A Posthumous Honor for a Hero Who Always Wanted to Help
By Office of Communication
Posted on March 19, 2012, March 19, 2012

If a neighbor's grass needed mowing, Clarence "C.J." Robinson was the one to mow it. If a garage needed cleaning, he'd show up early to help clean it. If neighborhood cars needed washing and a wax - guess who would be there, a towel in hand?

While painful and sad to family and close friends, it was hardly shocking when the 18-year-old died the way he lived: helping people.

Robinson was shot on North Collins Street near Washington Drive as he approached a Chevrolet Tahoe after hearing the sounds of a crying baby, said his sister, Malika Pinion.

At 6:30 p.m. on Tuesday, March 20, during the City Council Meeting at City Hall, Robinson's family will be presented with a posthumous State Resolution and City Proclamation fitting that of a young man who was fatally shot while wanting to lend a hand during a multi-vehicle wreck in North Arlington. State Representative Diane Patrick will present the state resolution.

"I'm hurt, I'm angry, but so proud knowing that my child left here a hero trying to help someone else," said Robinson's mother, Sharon, who lives in New Orleans and will attend the ceremony. "It's so wonderful to know that he'll be recognized for doing the right thing."

Along with Robinson's family members, students from Lamar High School where he attended, and colleagues from Potbelly Sandwich Shop where he worked will also be in attendance at the ceremony.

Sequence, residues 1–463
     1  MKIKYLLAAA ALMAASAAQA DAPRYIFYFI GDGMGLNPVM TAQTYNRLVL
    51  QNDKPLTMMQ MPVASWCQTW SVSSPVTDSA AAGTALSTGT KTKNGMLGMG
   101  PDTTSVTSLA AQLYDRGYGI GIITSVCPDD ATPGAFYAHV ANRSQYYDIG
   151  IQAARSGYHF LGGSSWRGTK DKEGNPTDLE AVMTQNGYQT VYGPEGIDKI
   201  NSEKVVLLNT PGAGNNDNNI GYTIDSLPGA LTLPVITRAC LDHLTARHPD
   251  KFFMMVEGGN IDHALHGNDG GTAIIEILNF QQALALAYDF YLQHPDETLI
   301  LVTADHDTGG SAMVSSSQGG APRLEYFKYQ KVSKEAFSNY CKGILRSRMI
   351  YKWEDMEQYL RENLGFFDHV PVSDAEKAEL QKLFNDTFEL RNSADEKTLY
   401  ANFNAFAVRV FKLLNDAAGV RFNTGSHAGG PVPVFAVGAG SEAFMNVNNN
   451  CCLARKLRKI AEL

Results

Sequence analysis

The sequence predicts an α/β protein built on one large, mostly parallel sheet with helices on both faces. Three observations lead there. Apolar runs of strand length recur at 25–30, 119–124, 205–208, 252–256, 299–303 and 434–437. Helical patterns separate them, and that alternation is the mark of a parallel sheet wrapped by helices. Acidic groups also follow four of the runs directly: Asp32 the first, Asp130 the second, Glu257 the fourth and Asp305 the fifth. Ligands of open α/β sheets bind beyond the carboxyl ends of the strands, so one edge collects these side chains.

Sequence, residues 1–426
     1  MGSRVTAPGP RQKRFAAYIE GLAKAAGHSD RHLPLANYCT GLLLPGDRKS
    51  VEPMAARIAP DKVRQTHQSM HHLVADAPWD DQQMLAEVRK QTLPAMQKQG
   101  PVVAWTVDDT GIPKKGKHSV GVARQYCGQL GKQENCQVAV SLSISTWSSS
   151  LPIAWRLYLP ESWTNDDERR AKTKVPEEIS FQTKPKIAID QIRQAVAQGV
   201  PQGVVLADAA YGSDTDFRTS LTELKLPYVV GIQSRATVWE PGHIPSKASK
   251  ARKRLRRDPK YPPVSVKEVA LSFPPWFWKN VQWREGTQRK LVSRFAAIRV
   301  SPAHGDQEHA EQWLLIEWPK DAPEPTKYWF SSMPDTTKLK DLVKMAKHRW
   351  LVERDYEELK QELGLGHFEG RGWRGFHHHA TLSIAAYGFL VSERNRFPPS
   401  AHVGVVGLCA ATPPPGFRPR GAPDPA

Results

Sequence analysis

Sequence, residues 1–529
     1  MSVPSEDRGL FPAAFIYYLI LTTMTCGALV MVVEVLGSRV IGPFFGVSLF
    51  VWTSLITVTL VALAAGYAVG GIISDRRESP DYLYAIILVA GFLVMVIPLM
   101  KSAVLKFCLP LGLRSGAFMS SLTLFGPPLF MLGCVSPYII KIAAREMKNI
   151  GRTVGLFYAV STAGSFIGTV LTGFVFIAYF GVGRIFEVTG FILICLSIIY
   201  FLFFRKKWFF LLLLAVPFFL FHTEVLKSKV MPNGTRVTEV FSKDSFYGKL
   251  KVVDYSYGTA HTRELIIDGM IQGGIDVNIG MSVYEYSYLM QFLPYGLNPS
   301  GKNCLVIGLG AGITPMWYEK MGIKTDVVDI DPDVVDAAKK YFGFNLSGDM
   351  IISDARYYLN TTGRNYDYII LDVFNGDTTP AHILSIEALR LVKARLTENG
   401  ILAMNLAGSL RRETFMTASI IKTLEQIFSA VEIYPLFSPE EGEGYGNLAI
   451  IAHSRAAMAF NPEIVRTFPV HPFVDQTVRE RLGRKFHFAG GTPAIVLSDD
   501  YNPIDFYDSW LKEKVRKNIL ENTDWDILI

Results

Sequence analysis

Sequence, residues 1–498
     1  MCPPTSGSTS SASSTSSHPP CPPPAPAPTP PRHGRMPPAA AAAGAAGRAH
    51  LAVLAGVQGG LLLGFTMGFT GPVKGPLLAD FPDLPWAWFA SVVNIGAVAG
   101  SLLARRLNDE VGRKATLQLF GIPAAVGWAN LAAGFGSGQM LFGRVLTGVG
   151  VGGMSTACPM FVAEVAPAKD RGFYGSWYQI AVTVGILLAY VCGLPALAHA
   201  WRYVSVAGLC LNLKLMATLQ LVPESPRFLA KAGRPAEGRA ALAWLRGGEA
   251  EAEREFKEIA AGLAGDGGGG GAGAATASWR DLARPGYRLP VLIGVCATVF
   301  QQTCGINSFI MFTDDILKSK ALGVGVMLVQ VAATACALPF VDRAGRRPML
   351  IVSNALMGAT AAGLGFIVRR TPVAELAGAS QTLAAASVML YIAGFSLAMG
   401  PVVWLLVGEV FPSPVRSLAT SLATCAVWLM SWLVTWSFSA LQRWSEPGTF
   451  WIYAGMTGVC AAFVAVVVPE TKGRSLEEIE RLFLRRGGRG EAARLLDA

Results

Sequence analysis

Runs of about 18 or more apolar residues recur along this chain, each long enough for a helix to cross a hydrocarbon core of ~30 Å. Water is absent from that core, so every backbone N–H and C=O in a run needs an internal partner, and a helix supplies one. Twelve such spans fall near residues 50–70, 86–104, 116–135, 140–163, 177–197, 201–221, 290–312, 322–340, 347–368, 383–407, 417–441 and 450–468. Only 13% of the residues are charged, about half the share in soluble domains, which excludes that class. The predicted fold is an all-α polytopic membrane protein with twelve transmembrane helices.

Robinson's Life
Robinson was 11 when Hurricane Katrina drove his family out of the city to Jackson, Tenn. From there it was to Dallas-Fort Worth where his uncle and sister lived.

"We were there for three years and moved back to New Orleans in 2008 and C.J. came kicking and scratching," Sharon Robinson said. "He loved Texas and wanted to stay, but I told him when he became of age he could move back there."

Robinson became of age, and back to Texas he went. Pinion, who lives in Arlington, said Robinson had carved out a niche for himself, working at a Potbelly Sandwich Shop.

"He had a roommate at the time but was just about to get his own apartment," Pinion said. "That was a really big deal for him. To have his own place."

Robinson's death has been hard to take for a mother whose last conversation with her son was how "he was working, wanted to further his education, and get his apartment."

"Mostly I'll miss that he gave to everyone," Sharon Robinson said. "No matter what was going on with him, if he knew I was down about something he would say, "Mom, don't worry.' He was always real encouraging. He might say a joke or to make me laugh. Then I'd be okay."

By Kenneth Perkins

 Posthumous Honor

Government, News